- Hamilton produced a shock result during qualifying for the Saudi Arabian GP, as the Mercedes driver failed to progress past Q1
- The seven- time F1 world Champion denied that the missile strike at Jeddah had nothing to do with his result
- The last time Hamilton was eliminated in Q1 was in 2017 in Brazilian Grand Pix
Hamilton’s session was a disaster, as he could only manage a lap time good enough for 16th position, putting the seven-time world champion out of Q1.
His teammate George Russell achieved a lap time good enough for fourth place on the grid during the same practice.
The F1 champion has set himself an uphill job to repeat that performance since he qualified in 16th place for Sunday’s race, and the 37-year-old was visibly upset when speaking to the press afterwards.
Hamilton stated earlier this week that racing in Saudi Arabia was “uncomfortable” because of the country’s civil rights violations.
The Mercedes driver maintained in an interview following his elimination that the week’s events did not affect his on-track performance.
Hamilton denied being distracted by the difficult build-up to qualifying, which featured a late-night drivers’ meeting on Friday to discuss safety after a missile strike in Jeddah.
“We are professional,” he said. “We block out whatever we need to.
“Something went wrong in the set-up.”
He revealed after his performance that he had struggled with the car’s balance during the entire session.
‘‘I just struggled with the car’s balance; it’s not where we want to be’ he told reporters.
Mercedes has struggled for pace and performance so far this season, with Ferrari and Red Bull the two teams that appear to be the most competitive.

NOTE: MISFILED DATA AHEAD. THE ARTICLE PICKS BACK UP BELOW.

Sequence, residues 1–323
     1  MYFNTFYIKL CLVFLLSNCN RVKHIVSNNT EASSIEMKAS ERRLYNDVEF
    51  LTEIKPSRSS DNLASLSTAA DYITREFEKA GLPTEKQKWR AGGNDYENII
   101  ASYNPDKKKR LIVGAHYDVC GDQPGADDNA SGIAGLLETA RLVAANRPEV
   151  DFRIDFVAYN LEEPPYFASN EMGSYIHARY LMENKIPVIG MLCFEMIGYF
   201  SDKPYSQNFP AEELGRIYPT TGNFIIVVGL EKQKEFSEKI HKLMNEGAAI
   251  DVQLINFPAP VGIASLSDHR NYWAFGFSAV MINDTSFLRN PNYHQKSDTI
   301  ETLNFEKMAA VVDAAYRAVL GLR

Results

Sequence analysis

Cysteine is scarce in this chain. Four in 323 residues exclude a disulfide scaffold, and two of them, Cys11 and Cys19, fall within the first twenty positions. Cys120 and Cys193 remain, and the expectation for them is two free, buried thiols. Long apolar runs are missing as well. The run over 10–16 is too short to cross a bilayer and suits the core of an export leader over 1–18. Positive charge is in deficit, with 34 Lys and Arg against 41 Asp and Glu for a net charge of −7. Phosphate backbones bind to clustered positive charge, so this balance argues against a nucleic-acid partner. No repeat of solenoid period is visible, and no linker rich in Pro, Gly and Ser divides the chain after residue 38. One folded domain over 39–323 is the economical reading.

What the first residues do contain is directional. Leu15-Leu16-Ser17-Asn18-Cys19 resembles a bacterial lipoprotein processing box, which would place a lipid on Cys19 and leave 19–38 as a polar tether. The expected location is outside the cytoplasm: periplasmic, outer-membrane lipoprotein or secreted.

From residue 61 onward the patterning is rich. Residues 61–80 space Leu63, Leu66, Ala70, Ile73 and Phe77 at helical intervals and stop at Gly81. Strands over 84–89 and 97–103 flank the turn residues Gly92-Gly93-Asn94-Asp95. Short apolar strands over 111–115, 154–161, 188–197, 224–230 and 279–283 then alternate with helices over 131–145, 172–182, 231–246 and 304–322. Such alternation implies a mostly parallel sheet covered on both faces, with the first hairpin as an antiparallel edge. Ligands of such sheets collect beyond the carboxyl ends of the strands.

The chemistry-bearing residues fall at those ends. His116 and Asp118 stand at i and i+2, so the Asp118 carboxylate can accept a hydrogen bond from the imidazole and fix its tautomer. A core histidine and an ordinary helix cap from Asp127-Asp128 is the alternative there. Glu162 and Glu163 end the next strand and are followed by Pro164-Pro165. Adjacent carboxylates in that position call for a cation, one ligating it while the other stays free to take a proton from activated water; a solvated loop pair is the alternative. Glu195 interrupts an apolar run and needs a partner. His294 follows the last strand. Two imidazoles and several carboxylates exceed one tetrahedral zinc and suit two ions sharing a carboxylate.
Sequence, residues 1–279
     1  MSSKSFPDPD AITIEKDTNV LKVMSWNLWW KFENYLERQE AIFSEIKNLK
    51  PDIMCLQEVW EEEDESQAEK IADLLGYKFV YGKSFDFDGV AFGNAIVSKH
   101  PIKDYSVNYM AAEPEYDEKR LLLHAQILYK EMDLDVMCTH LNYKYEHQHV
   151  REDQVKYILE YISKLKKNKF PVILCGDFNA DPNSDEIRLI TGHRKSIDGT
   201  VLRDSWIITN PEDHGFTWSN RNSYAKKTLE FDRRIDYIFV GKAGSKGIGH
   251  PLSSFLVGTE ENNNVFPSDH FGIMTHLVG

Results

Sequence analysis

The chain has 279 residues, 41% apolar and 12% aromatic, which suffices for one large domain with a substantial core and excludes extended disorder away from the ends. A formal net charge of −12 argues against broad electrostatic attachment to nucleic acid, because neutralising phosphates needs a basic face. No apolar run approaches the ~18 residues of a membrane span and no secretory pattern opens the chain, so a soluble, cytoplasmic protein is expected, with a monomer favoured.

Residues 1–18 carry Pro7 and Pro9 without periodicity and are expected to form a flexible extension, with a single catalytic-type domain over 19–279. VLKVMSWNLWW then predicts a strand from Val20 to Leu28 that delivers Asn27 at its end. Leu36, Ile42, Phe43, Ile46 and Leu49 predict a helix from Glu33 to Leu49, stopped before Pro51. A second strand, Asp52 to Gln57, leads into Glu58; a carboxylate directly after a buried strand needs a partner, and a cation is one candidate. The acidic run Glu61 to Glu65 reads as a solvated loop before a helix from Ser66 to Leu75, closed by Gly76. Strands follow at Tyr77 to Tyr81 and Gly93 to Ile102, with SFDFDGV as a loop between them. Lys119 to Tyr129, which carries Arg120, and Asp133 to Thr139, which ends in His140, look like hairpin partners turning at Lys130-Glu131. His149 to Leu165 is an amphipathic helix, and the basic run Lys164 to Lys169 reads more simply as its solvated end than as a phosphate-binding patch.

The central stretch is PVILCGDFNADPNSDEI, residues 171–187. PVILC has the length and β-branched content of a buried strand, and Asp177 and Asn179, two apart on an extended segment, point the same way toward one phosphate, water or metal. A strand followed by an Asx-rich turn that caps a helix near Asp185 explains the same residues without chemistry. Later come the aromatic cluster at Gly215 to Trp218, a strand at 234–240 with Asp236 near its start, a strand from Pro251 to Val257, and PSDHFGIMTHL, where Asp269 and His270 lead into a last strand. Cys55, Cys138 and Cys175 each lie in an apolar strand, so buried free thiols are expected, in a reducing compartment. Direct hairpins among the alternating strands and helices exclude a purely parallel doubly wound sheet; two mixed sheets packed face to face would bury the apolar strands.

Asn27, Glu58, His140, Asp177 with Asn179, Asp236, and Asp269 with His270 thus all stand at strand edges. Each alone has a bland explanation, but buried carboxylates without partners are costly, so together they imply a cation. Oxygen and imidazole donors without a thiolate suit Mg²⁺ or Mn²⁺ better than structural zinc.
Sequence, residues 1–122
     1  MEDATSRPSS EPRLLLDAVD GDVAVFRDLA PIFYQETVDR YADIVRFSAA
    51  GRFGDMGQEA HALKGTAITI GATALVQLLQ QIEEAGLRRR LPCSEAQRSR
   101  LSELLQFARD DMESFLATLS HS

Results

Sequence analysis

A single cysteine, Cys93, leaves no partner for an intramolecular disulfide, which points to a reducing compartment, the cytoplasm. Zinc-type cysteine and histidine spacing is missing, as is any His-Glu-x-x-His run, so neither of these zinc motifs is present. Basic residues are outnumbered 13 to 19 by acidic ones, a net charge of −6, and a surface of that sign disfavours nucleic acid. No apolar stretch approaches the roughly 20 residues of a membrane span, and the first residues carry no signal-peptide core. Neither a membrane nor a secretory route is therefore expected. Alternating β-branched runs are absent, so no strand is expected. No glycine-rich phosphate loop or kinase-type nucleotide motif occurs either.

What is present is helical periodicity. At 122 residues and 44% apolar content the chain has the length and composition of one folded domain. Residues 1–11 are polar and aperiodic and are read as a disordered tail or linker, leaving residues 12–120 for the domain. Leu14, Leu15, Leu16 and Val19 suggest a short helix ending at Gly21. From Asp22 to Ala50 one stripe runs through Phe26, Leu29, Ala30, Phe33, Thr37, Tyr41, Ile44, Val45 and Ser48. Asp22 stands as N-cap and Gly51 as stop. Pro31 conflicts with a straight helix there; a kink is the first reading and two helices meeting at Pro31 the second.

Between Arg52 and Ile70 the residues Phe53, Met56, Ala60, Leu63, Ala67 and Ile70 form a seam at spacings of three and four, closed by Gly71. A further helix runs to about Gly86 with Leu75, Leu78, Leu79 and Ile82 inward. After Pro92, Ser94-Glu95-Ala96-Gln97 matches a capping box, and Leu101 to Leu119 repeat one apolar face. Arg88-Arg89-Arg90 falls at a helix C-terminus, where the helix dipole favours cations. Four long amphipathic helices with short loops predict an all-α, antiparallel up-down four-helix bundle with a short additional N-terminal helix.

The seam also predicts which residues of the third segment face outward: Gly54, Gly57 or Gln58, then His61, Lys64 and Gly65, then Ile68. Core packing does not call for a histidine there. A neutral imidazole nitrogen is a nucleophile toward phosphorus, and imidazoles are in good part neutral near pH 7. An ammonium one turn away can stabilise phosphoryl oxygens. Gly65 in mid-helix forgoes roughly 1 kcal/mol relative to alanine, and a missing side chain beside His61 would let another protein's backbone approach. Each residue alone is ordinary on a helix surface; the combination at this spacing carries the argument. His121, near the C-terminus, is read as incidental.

Still, the Silver Arrows did an excellent job of damage limitation last weekend in Bahrain, finishing third and fourth respectively, amidst the Bulls’ double retirement.
HAMILTON APOLOGISED TO THE TEAM FOR HIS POOR RESULTS
Hamilton crashed out of the 2017 Brazilian Grand Prix, which was the last occasion he was eliminated in Q1.
He was told over the radio that he had been knocked out because he had struggled to keep up with Russell throughout the weekend.
Taken aback by the news, Hamilton apologised to his engineer and the team for failing to get the car out of Q1.
“So sorry, guys”, he apologised
IS HAMILTON IN TROUBLE ON SUNDAY?
The circuit along the Jeddah Corniche is unlike any other. It boasts a fast pace for a street circuit and some overtaking opportunities. Driving there is still quite tricky.
And now, with Hamilton poised to push himself to the edge to score some points, any error could be bad for him.
Over there, even the tiniest errors have proven to be terrifying
Nicholas Latifi and Mick Schumacher both had dramatic crashes during qualifying. Schumacher had to be carried out on a stretcher.
So Hamilton isn’t going to be able to drive as he did in Brazil last year.
As a result, it’s not unreasonable to believe that Hamilton’s pitlane start will be ineffective.
Russell’s best time is presently strong enough to make it into the Q3 session and ensure a top-10 grid place, with Q2 well underway in Saudi Arabia.
Despite Mercedes’ struggles in testing and during the season’s first weekend in Bahrain, Hamilton still finished third behind Ferrari’s Charles Leclerc and Carlos Sainz.